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CLAIM: ‘White privilege’ to blame for theology dispute with black prof at Christian college

Evangelical Wheaton College in Illinois is in upheaval as one of its two black professors faces a school inquiry over her adherence to its strict statement of faith.

Larycia Hawkins had claimed that Christians and Muslims worship the “same God” as she explained why she was wearing a hijab in December.

Now one of her colleagues, Counseling Prof. Michael Mangis, is claiming that “white privilege” is behind her adjudication, which could (but is unlikely to) end in the tenured Hawkins’ termination.

Mangis himself helped inflame the situation when he gave a Time reporter an email from Wheaton’s provost that called Hawkins’ original comment “innocuous.”

In a message posted with permission on the blog of Artur Rosman, a former Polish TV personality and recent Ph.D. recipient from the University of Washington, Mangis wrote that he had been “attacked or ostracized” by defending Hawkins on Facebook.

Not content to simply criticize Wheaton’s process for vetting theological pronouncements by faculty, Mangis writes that at Wheaton – a university sometimes referred to as an evangelical Harvard – “white patriarchy reigns virtually unchallenged”:

Patriarchy has evolved to maintain and protect the illusion, for men, that we are entitled to be obeyed and served. For years I have taught my students that it is the responsibility of those who benefit from these insidious systems to expose and dismantle them.

I know that many people have difficulty believing in these systems. Sadly, recent research reveals that White Christians are among the most adamant in their denial of the existence of such phenomena as Racism, ethnocentrism, white privilege, sexism, racialized police brutality, and the like.

I can testify to the fact that White Patriarchy exists at Wheaton because I have benefited from it while Dr. Larycia Hawkins was subjugated by it.

Mangis, who calls himself an expert in “the relationship between authoritarianism and sexism in the Evangelical subculture,” goes on to explain that he faced practically no repercussions for making a joke about teaching students how to pray in Islam because … he’s white?

I knew the proper tone and keywords to use for my apology and explanation and assurance of future conformity. In short, as a member of the ’”club,” I knew the code and I knew that I would be fine at the resolution. In fact, my situation was resolved to everyone’s satisfaction within a few hours.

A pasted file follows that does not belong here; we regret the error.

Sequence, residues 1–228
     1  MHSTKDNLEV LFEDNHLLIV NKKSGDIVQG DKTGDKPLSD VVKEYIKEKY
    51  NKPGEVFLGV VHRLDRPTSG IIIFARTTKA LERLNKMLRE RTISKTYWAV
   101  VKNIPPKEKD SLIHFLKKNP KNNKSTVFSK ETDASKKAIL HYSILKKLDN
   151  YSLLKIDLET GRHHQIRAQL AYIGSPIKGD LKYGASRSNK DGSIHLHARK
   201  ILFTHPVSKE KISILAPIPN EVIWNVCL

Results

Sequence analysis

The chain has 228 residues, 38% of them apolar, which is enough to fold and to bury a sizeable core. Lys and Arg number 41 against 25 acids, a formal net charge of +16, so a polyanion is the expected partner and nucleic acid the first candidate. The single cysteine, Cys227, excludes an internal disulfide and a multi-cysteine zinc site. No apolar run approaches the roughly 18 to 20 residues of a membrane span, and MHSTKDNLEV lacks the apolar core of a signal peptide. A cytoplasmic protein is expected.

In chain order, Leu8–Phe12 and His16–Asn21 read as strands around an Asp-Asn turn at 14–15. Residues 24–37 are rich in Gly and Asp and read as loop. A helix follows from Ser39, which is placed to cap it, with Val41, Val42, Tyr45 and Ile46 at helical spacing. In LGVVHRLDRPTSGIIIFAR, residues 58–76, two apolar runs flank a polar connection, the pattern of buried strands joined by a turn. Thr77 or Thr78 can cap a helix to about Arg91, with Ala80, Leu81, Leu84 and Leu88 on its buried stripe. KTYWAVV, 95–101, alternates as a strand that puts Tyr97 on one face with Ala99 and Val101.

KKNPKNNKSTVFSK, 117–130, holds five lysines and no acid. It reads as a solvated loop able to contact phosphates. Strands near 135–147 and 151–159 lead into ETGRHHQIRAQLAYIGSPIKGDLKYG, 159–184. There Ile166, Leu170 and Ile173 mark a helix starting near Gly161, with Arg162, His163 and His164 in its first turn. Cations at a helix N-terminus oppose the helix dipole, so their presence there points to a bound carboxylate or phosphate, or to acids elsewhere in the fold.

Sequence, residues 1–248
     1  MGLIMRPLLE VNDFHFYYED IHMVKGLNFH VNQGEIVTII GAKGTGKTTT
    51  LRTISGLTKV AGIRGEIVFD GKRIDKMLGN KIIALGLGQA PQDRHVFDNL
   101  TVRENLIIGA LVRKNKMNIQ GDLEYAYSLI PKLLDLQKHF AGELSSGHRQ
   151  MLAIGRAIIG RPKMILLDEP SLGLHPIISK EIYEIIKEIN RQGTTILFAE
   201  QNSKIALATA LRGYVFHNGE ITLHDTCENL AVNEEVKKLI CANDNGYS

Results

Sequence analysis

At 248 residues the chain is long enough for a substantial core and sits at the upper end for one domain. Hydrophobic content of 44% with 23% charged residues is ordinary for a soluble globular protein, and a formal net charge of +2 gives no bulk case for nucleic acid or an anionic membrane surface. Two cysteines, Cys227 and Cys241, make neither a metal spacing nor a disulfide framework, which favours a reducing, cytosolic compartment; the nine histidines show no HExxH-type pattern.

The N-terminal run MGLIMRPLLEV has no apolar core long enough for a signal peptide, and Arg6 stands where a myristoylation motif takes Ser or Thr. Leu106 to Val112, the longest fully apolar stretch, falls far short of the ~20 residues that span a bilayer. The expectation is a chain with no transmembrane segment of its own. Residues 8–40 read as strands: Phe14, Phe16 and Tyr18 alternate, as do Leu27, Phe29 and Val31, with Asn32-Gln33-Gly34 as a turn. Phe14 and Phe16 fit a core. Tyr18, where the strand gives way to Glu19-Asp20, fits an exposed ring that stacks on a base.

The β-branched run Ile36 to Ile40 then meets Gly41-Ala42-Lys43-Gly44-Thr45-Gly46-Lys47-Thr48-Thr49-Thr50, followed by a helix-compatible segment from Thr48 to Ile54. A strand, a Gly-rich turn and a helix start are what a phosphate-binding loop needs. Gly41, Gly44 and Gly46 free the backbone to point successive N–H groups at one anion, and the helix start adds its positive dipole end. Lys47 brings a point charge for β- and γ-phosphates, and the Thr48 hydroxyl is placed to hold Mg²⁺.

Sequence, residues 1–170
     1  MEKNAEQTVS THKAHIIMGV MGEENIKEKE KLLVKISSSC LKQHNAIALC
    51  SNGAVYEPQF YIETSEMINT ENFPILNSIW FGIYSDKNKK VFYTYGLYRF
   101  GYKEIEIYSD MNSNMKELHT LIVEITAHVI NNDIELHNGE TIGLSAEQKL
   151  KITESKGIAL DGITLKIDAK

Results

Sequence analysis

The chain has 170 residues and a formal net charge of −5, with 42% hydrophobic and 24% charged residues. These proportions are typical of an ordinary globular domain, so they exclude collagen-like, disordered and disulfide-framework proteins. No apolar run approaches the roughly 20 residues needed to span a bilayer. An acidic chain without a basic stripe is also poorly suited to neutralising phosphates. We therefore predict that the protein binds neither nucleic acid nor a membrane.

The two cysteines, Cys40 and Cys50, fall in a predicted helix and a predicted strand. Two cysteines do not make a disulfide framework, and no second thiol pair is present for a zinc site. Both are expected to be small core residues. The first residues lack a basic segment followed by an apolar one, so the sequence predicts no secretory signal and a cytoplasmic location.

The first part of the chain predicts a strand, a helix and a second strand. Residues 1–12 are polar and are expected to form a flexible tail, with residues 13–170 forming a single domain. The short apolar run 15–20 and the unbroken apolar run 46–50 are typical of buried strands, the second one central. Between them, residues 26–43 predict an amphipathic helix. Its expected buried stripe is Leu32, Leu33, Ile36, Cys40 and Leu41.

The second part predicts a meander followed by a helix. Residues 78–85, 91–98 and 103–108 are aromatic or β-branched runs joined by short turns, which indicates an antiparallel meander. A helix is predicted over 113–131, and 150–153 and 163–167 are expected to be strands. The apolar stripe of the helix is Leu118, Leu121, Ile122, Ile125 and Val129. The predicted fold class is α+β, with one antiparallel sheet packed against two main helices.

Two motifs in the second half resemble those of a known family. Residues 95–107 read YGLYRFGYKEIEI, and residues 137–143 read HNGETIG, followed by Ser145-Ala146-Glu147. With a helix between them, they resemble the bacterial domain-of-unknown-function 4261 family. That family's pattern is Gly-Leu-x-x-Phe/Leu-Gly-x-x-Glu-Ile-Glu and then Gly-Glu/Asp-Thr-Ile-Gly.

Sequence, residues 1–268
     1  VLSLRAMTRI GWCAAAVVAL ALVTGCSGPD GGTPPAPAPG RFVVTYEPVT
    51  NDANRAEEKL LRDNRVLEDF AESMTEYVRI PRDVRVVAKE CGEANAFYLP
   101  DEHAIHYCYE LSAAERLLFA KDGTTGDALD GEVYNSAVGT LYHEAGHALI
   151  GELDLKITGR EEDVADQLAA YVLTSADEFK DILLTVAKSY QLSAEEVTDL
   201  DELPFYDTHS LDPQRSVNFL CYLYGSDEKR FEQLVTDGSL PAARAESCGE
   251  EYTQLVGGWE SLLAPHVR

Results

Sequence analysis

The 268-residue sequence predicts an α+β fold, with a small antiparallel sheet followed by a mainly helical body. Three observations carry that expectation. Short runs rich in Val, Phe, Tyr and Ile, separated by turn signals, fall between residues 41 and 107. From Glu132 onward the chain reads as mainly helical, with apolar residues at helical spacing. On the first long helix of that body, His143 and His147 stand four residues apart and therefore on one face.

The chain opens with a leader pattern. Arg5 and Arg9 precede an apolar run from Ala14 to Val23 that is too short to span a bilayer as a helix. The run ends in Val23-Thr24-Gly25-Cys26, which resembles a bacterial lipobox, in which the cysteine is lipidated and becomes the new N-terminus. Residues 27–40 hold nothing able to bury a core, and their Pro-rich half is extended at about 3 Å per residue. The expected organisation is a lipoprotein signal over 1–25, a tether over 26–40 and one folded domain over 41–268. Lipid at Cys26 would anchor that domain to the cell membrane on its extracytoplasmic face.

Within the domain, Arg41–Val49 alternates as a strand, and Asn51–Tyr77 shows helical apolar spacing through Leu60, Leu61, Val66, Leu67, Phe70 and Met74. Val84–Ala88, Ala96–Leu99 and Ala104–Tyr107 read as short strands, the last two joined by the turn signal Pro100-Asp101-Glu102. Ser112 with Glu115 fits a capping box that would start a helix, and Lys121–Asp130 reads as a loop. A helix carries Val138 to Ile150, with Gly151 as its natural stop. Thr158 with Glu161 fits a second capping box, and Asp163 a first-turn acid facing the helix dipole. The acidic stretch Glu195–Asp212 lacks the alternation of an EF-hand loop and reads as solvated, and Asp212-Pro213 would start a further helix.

When Mangis shared his story in a faculty meeting, someone tipped off the Time reporter, who goaded him into turning over the emails from Provost Stanton Jones:

I examined my conscience and realized that I would always feel like a hypocrite if I chose to protect myself over standing up for justice and for Larycia.

What’s funny about Mangis is that he doesn’t blame Provost Jones for consciously treating Hawkins unfairly:

At the same time in my heart I have no doubt that Stan, I, and everyone involved, are deeply entrenched in a nearly invisible, insidious, socio-cultural system that has influenced our thoughts and actions, and that honesty, humility and transparency are required to bring change. …

Larycia should never have been asked to subordinate herself to white male leadership.

Read the post.

h/t Kirkland An

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About the Author
Associate Editor
Greg spent several years as a technology policy reporter and editor for Warren Communications News in Washington, D.C., and guest host on C-SPAN’s “The Communicators.” Previously he led media and public relations at Seattle’s Discovery Institute, a free-market think tank. Greg is developing a Web series about a college newspaper, COPY, whose pilot episode was a semifinalist in the TV category for the Scriptapalooza competition in 2012. He graduated in 2001 with a B.A. from Seattle Pacific University, where he co-founded the alternative newspaper PUNCH and served as a reporter, editor and columnist for The Falcon.

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